Torque and helicopters go hand in hand - but what RC helicopter controls are used to correct for torque, and for that matter what exactly is torque?
A nice basic description of torque is "rotating force". I think you can already see how that applies to RC helicopters. Helicopters have a very large rotating mechanism and coincidently it is called a rotor – obviously the name refers to rotation.
Yes, I know, very basic stuff; but now we get back to your
high school physics class - specifically Newton’s third law of motion.
You know the one that states that "for every action there is an equal
and opposite reaction."
It's pretty easy to understand how this law applies to all helicopters. That big rotating rotor is creating a lot of reactive torque in the opposite direction of rotation. Therefore, if our rotor is spinning clockwise, our helicopter wants to spin counter clockwise. This reactive torque is not constant either. Any change in the engine power to the rotor or change in rotor pitch (collective or cyclic) will produce corresponding changes in torque.
There are basically three ways helicopters deal with this reactive torque:
This is called a coaxial rotor and because the rotors
are each rotating in opposite the directions, the reactive torque from
each is canceled out.
Yaw control of the coaxial set up on real or hobby grade helicopters with collective pitch is very complex. It requires changing the pitch angles of each rotor to induce a corresponding change in reactive torque to the left or right while the rotational speed of each rotor remains constant.
With electric toy and micro coaxial RC helicopters , this changing of torque between the two blades is very simple. Two electric motors are used to spin each blade. If one motor is slowed down slightly and the other sped up, there is a corresponding reduction of torque produced by one of the rotors and and increase in torque from the other - heli will turn. This makes yaw control simple & inexpensive, yet very effective.
I didn't think there was a MD 520 RC NOTAR helicopter out there yet, but to my surprise, Vario RC helicopter company has one.
Here it is in action
Most helicopters use tail rotors to control yaw – RC and full size alike. The main reasons for this... tail rotors are simple and they work. In our RC helicopter world there are two ways to power the tail rotor and adjust the amount of thrust they produce.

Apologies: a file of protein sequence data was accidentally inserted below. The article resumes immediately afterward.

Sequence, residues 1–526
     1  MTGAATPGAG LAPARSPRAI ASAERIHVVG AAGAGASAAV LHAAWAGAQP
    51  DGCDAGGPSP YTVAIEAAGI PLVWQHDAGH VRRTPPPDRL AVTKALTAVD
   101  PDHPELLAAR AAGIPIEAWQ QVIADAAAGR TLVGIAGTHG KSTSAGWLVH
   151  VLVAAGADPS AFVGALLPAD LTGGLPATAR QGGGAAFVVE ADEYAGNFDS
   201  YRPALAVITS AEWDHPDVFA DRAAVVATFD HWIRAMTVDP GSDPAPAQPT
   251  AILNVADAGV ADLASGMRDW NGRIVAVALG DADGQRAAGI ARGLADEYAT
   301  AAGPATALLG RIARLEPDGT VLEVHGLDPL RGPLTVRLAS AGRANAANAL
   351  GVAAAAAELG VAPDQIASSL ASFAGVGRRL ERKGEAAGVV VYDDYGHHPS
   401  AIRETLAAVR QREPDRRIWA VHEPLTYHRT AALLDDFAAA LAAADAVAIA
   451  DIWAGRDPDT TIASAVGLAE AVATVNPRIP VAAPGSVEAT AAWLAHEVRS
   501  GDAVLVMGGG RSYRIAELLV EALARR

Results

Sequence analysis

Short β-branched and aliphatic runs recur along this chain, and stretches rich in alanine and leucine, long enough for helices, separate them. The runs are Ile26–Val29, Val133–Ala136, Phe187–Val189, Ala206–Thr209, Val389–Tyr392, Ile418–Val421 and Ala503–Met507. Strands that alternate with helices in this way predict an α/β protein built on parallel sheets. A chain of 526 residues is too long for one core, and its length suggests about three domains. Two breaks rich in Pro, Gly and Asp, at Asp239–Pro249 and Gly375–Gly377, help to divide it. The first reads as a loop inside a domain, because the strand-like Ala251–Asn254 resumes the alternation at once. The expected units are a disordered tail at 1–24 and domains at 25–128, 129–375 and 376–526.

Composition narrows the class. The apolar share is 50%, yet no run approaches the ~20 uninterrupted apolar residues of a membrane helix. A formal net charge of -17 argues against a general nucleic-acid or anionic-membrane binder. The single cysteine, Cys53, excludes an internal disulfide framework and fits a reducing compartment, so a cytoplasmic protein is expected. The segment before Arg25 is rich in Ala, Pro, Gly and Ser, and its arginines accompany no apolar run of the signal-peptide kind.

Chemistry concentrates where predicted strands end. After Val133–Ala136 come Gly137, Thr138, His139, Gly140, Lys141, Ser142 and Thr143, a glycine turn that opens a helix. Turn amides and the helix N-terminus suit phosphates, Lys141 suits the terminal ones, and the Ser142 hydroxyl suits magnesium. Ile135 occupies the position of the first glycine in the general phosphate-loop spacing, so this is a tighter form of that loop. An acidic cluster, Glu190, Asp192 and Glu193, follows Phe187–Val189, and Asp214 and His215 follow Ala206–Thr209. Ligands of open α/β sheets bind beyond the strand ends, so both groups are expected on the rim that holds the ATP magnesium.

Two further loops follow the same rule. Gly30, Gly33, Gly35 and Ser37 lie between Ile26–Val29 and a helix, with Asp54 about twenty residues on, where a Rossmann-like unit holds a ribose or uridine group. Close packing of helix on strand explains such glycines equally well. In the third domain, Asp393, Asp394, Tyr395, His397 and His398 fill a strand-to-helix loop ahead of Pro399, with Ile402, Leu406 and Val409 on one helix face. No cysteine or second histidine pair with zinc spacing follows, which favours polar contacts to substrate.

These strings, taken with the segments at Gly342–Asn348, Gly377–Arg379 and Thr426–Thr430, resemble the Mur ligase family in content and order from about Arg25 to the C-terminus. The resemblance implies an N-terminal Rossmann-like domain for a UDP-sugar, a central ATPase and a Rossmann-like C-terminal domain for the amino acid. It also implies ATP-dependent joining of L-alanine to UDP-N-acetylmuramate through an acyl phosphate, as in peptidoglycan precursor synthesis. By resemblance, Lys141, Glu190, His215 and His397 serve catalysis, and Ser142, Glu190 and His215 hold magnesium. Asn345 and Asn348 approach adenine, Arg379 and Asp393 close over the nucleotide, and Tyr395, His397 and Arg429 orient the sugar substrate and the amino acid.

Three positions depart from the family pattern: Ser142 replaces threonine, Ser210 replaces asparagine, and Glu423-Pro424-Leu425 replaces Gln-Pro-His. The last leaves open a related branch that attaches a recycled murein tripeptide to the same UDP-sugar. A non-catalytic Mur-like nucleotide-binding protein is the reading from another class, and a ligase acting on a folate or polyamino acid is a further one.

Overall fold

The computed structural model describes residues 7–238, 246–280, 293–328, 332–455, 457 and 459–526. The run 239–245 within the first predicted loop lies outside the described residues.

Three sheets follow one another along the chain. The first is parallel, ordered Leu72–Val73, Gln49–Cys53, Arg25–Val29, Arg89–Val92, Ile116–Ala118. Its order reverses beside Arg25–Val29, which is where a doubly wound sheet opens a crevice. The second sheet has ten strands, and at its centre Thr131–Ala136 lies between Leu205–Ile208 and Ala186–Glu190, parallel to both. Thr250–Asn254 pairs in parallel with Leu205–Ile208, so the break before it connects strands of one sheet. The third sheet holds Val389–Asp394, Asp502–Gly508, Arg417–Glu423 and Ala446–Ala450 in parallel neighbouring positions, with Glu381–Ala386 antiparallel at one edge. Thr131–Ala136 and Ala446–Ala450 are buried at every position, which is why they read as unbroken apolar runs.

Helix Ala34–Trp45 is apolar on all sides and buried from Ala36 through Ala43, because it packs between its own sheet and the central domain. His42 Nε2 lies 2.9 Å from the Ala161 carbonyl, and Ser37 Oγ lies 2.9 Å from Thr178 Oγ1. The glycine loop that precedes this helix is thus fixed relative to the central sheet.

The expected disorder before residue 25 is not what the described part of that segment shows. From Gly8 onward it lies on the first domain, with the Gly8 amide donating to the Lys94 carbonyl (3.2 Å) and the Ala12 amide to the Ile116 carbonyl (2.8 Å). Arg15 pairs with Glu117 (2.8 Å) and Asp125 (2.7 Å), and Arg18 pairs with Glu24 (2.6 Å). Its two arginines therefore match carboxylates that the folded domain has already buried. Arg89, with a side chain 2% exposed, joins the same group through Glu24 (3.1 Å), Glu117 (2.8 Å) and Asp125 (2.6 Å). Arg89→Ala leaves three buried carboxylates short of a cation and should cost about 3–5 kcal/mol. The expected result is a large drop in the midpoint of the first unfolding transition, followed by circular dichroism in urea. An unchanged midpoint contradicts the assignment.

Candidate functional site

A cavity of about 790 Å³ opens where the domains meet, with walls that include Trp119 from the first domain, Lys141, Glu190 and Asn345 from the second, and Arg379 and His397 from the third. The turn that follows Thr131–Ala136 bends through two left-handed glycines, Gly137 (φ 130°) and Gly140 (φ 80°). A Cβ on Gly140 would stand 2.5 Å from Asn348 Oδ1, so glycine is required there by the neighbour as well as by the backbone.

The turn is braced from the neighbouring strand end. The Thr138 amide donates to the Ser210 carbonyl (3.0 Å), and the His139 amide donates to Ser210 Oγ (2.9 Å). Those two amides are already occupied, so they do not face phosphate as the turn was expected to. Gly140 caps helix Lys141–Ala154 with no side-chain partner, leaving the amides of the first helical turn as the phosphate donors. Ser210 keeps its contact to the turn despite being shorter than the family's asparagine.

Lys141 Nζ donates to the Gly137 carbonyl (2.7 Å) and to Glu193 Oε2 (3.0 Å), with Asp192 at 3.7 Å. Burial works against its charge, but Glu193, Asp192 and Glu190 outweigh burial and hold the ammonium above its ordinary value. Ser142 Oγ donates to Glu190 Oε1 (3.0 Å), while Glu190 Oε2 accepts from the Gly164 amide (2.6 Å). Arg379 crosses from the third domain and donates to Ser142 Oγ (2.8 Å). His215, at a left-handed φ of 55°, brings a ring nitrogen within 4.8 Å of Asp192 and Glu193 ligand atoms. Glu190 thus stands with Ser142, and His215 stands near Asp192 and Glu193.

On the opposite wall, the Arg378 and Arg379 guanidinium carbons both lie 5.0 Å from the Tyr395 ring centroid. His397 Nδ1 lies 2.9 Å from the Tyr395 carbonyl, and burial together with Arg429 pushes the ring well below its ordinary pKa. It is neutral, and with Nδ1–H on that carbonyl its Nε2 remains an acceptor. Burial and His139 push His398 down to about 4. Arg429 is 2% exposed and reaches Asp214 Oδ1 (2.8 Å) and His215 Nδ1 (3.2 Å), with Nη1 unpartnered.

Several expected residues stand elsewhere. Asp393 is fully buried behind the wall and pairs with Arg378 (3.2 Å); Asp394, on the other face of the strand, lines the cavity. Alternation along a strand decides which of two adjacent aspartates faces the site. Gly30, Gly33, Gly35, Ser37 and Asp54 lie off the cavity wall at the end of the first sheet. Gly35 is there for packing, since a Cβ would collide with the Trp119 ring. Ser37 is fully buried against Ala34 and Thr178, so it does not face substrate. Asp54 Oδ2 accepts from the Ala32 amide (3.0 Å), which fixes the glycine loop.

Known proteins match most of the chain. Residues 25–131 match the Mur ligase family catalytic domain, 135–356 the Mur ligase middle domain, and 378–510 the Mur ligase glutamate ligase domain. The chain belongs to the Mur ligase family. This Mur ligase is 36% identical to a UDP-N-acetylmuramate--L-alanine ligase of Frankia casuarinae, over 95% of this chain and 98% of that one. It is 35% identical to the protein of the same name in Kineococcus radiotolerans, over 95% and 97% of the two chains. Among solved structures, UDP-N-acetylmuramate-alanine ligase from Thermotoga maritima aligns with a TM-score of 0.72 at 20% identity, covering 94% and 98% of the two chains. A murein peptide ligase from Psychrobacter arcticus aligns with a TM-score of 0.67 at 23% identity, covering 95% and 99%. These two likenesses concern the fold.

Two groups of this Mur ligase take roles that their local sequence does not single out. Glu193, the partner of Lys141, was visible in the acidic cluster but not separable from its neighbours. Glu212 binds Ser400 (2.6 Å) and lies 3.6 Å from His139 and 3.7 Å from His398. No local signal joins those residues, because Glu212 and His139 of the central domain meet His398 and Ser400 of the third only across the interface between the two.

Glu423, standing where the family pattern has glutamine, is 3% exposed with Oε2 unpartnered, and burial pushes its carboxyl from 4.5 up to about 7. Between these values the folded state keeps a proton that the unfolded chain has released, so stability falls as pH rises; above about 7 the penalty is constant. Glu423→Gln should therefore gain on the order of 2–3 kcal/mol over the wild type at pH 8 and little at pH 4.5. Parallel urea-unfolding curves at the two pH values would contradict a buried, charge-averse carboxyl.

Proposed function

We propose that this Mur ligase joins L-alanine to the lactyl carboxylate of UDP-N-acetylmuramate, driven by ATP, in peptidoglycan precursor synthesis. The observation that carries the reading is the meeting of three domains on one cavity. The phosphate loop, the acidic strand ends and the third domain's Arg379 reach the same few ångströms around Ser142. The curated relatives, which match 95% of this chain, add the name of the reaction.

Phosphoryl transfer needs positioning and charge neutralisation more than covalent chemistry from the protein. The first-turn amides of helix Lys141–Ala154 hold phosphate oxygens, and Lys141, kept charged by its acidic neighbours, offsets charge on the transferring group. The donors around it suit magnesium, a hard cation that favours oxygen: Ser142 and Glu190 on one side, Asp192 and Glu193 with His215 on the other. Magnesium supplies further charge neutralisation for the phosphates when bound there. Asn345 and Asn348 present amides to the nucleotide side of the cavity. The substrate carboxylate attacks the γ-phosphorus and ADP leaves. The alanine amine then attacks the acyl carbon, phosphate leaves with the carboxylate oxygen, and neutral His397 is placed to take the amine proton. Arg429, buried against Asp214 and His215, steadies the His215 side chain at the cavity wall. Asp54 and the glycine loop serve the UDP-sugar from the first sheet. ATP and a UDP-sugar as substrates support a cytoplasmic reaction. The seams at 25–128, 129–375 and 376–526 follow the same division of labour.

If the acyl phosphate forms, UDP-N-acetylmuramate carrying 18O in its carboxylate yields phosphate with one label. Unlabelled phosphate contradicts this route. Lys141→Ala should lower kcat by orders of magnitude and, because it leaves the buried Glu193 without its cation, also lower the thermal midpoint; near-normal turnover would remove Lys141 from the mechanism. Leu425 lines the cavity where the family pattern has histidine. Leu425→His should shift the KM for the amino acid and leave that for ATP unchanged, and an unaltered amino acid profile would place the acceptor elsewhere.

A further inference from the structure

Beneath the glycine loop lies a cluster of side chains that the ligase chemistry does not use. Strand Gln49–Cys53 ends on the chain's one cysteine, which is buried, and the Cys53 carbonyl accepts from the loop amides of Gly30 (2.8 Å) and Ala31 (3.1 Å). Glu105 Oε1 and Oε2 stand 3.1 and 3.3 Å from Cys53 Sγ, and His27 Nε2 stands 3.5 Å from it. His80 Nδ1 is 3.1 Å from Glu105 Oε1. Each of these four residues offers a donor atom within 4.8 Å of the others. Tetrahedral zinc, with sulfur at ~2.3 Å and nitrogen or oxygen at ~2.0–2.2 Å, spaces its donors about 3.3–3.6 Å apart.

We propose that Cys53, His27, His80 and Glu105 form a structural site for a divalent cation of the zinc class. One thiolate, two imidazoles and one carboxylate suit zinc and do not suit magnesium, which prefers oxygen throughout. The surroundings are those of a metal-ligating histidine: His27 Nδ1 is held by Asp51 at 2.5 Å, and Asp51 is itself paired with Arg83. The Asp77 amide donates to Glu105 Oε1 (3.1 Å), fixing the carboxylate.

You have to be able to adjust the amount of thrust coming off the tail rotor because as we learned earlier, the amount of reactive torque from the main rotor is always changing. The other reason is so we can turn (yaw) the helicopter in both directions (left and right).
The most common method is by using a tail rotor that
gets its power from the main engine or motor of the helicopter. By means
of gears, some of the power going to the main rotor is taken down the
tail boom by using a drive shaft (torque tube) or belt. This power is then used to
drive the tail rotor through a simple right angle gear box. The rpm of
the tail rotor in this set up is dependent on the engine/main rotor rpm
which is more or less constant, greatly minimizing torque spikes.
Helicopter controls the amount of tail rotor thrust by changing the
pitch or angle of attack of the tail rotor blades. The tail rotor is
basically a variable pitch propeller that can vary the amount of right & left thrust to yaw the helicopter in either direction. With just the right amount of pitch, it provides the correct counter thrust to maintain a state of equilibrim between the main rotor torque and the tail rotor thrust so the heli will not spin/turn at all.
If lots of pitch is applied, more thrust force from the tail rotor is produced than main rotor torque force and the helicopter turns against the main rotor reactive torque.
The picture to the right shows a large amount of tail rotor pitch blowing air to the right, thrusting the tail to the left causing the heli to turn/yaw to the right.
If we decrease the pitch of the tail rotor to the point where it is not producing enough thrust to counter act the main rotor torque, the helicopter turns in the direction of the main rotor reactive torque.
This picture illustrates a left helicopter control tail rotor command. There is very little pitch and next to no side thrust. The heli will turn to the left due to the reactive torque of the main rotor not being canceled out by the tail rotor.
The other method that a RC helicopter controls tail rotor thrust is by using a dedicated small electric motor to power a fixed pitch tail rotor. This method is very popular on most small micro and mini RC electric helicopters, but never used on larger heli models.